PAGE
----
Friday, August 24, 2012

The Slippery Truth

by Jean Roberta

When I first started writing stories, they came in two completely different packages: 1) adventure stories that resembled fairy tales, which evolved out of bedtime stories I used to tell my younger sisters, and 2) stories based on my life, because realism seemed to allow for more grownup writing techniques (mostly smirking irony, which came naturally to my teenage self). For an example of Category #2, check out “Storyteller’s Tale,” here:

Then I discovered erotica and started writing about sex. Even though I had experienced some good times, the reasons for not writing my sexual memoirs seemed obvious. My relatives would die of shame! No one would want to know me! (except in the Biblical sense.) My ex-lovers would sue me! (I had visions of a class-action suit.)

So I wrote sexual fantasies, and writing them was almost a physical pleasure. Whew – an imaginary kind of female Robin Hood who plots revolution in snug leggings and a leather jerkin would not object to being described on the page, and neither would the bodacious princess who chooses to join her. Neither would a studly but sensitive man.

Then I began to see calls-for-submissions for “true stories” from women about their sex lives. I wondered why. I read several of these anthologies, and several of the stories made me suspicious. The multiple-body, simultaneous community orgasms seemed too good to be true. Other stories had the flavour of real life, but what kind of friend/lover/spouse would be perfectly willing to be a character in someone else’s story?

I considered the down side of truth-telling, or speculating about someone else’s truth. It’s called gossip, and even if it originates in honest curiosity, it can have drastic results. I’ve encountered (and heard about) self-defined heterosexuals who ask stunningly nosy and tactless questions about sex between two men or two women, about BDSM, or about the lives of those who identify as transgendered. Many people, it seems, have a voyeur’s curiosity about the “perverts” who live on the other side of the tracks or the red-light district, without wanting to know the personal consequences of public soul-baring.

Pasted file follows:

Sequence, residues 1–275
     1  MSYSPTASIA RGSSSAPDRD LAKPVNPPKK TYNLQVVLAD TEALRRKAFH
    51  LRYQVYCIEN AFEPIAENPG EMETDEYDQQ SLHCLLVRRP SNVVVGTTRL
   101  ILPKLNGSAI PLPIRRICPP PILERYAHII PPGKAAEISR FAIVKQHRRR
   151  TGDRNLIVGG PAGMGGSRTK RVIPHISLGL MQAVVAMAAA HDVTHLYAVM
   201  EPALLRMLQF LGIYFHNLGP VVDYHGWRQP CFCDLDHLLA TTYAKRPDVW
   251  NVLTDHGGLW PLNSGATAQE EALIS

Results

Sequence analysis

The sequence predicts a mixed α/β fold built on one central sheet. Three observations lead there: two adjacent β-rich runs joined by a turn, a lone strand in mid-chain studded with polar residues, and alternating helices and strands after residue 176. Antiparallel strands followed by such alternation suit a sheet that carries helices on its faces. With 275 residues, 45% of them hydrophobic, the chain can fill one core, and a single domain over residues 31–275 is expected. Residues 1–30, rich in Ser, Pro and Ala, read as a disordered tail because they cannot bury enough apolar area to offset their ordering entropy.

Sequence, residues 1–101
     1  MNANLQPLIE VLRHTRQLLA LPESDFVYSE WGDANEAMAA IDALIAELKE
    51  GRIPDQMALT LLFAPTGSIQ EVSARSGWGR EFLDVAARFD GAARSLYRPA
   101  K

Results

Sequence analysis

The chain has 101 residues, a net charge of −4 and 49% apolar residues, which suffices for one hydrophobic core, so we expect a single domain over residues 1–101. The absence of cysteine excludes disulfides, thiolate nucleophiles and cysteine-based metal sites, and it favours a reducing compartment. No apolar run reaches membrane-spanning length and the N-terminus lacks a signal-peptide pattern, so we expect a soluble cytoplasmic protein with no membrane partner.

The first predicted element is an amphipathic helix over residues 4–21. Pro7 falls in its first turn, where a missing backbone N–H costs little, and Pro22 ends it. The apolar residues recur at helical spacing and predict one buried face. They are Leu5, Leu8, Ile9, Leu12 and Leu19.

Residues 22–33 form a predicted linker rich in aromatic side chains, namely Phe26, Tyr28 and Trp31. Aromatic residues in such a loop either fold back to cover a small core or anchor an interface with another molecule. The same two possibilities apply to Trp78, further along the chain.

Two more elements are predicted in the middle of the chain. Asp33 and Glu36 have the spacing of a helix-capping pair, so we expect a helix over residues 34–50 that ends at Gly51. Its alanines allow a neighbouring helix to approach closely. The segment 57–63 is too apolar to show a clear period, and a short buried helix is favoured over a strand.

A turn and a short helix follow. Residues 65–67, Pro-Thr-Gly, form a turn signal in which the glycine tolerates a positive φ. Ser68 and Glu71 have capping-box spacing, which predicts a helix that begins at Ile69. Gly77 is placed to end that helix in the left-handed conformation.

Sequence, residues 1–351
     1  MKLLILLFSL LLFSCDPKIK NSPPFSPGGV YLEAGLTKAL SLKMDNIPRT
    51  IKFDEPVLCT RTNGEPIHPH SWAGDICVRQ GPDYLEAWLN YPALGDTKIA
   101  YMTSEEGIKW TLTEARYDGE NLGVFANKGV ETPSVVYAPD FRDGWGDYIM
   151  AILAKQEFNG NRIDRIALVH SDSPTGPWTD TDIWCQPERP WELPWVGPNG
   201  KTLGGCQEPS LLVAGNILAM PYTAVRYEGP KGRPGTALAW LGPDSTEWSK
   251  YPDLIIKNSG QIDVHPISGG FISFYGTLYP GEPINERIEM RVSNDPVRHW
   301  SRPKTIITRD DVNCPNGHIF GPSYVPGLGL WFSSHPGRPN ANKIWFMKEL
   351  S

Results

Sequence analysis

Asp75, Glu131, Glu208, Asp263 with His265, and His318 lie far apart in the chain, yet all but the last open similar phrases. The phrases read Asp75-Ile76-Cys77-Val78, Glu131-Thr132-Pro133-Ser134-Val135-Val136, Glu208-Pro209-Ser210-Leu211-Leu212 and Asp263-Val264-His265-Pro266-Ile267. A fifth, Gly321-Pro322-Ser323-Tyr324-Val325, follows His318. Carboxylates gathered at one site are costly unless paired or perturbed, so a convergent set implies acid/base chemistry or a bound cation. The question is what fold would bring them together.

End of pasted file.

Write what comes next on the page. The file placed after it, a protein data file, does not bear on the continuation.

If the readers of “true” sex stories are all sniggering peep-freaks, I thought, I’m not willing to give them the satisfaction.

Yet writing is a way of talking to oneself. When I write something about my own life and read what I’ve written, I can see it from a different angle than I did at the time. So, after a long argument with myself, I wrote about my first experience of sex with a woman, and the story was published in a print anthology. Nothing terrible happened to me. So I wrote another story which was more-or-less based on a real relationship, and it too was published.

When I saw yet another call-for-submissions for true lesbian sex stories, I contacted the editor (whom I’ve met in person) to offer her the above two stories. She said she was not looking for reprints, but would love to see something new and interesting from me.

There was the catch. The editor’s description of what she wanted sounded much like fiction to me: an engaging story with narrative momentum, which reaches a climax, an epiphany, and possibly a happy ending. Real life tends to be messier than that. How far could I stretch an actual encounter or relationship and still call it factual? (I should probably mention here that I’ve been with the same partner since 1989, and I’ve promised not to write about her.)

I realized that I just couldn’t cook up a fantasy and swear that it actually happened, down to the last detail, or rack my memories for an episode that might better be left in the past. So I didn’t send anything new to the editor, who has since collected enough stories to launch the book. Good for her and her contributors, I say, but I’ve already said what I had to say about my own experience.

From now on, I plan to write about emotional (and glandular) “truth” in imaginary contexts. Fictional plots seem unlimited.

Here is a conversation between novelists Grace O’Connell and Steven Heighton about truth-telling in fiction:


  1. I've written several true-life stories (I generally change the names) but you're quite right - real life doesn't have the neat story arc and HEA bow.

  2. Hi, Jean,

    I've never been the least bit tempted to respond to any of those "true sex stories" calls for submissions. I know that if I tried, I'd end up wandering away from the so-called facts into fantasy, no matter how hard I tried. And then I'd be too moral to send the story, because it wouldn't be the unvarnished truth.

    A female Robin Hood, though - that's a world I could use...!

  3. Fictional plots are unlimited. We learn I think much more by observing. I've noticed that the best short story writers are those who observe the little details about their characters, how a woman holds her drink at arms length when someone kisses her and so on. But we get those clues from experience too. Not the whole experience, but the little pieces of it.

    Also I suspect those true confessions are going to be mostly fictional anyway, since as you say, real life is much messier and less conclusive.



Note: Only a member of this blog may post a comment.